The Physiology of Barefoot Running

As an exercise physiologist, I spend hours (and spent years) studying the inner workings of the body’s response to physical effort. Having shifted to barefoot running many years ago (mainly due to ongoing injury problems whilst logging copious kilometres in ‘coffins’), I feel qualified to make the following statements:

1. running barefoot stimulates improved flow of blood naturally from the lower body back to the heart-lung system. This means toxins (lactic acid etc.) are more efficiently flushed out

2. running barefoot causes fewer muscle micro-tears that can lead to slower recovery from tough runs and/or races

3. running barefoot activates the nerve endings, tendons, ligaments and, ultimately, muscles of the feet continuously to improve balance, power and running efficiency

4. running barefoot (contrary to some of the current ‘research’) actually improves the energy flow system resulting in LESS energy being expended over the same distance at the same pace (I stake my degree on this!)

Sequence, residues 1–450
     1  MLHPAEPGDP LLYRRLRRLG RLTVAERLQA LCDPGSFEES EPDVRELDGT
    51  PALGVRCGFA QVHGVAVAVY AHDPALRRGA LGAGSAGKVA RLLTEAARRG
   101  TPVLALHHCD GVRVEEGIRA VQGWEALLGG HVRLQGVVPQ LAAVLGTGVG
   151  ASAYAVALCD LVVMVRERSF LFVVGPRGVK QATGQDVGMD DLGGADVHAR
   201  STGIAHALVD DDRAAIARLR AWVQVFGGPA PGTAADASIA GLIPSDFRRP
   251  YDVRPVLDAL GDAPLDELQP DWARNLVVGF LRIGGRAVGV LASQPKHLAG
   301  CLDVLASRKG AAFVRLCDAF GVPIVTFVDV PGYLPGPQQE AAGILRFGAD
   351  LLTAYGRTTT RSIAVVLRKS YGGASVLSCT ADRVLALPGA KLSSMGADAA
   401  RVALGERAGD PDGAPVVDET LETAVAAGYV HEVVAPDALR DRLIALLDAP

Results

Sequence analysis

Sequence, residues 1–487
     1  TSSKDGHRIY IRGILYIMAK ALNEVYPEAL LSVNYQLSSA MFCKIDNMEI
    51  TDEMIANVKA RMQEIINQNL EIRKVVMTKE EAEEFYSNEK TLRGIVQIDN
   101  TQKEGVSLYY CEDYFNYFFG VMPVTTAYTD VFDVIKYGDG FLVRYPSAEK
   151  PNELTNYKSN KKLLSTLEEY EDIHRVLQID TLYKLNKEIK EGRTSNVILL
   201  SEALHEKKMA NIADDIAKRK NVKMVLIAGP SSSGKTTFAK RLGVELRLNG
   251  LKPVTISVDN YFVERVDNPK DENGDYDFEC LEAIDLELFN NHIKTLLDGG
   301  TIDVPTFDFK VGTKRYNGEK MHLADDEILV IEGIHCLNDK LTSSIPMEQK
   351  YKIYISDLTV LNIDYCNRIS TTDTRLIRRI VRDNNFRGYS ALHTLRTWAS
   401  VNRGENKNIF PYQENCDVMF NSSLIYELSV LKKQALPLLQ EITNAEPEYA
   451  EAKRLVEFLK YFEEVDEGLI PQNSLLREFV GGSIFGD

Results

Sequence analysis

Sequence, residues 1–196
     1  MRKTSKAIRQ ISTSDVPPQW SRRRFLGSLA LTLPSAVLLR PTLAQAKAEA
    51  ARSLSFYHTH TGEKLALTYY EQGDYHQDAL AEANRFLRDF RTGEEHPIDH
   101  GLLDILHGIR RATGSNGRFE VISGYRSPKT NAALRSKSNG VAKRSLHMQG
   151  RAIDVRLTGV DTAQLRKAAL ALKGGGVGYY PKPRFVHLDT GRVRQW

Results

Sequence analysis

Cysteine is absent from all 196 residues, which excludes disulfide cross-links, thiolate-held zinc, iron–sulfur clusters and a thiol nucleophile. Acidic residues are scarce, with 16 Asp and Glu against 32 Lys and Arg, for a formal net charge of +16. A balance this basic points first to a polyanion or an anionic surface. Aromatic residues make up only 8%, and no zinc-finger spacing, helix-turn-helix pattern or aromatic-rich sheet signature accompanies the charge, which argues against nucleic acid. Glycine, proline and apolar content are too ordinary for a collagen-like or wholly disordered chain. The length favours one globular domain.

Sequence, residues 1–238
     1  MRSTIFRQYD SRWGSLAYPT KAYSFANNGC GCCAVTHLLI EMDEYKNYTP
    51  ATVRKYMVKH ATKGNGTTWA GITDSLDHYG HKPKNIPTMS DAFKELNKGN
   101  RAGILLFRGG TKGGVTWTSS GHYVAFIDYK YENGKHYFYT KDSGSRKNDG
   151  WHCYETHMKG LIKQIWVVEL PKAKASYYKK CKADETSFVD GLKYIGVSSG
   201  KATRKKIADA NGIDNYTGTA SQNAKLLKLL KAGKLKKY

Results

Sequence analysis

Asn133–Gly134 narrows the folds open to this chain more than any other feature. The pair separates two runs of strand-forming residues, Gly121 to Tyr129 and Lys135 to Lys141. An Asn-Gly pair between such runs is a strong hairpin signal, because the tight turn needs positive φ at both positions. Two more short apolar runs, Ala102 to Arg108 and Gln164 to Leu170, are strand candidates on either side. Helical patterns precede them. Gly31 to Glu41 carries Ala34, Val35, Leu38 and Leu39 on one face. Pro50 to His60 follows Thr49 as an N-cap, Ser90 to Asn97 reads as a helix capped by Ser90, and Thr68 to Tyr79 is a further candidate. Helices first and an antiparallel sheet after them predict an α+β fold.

Personally, I have noticed that post barefoot racing or intense training (hill and track work), I have NO muscle soreness, no aerobic system ‘crash’, no muscle cramping and NO energy fatigue. I am able to do my normal runs the NEXT day with NO performance drop-off and NO injuries. I also have NO mental let-down. The constant in all of this? Running and racing barefoot. Even though I have no scientific evidence to support the above claims, actually experiencing them repeatedly is proof enough for me (and those I train). Let my scientific colleagues prove me wrong…

coach Jeff


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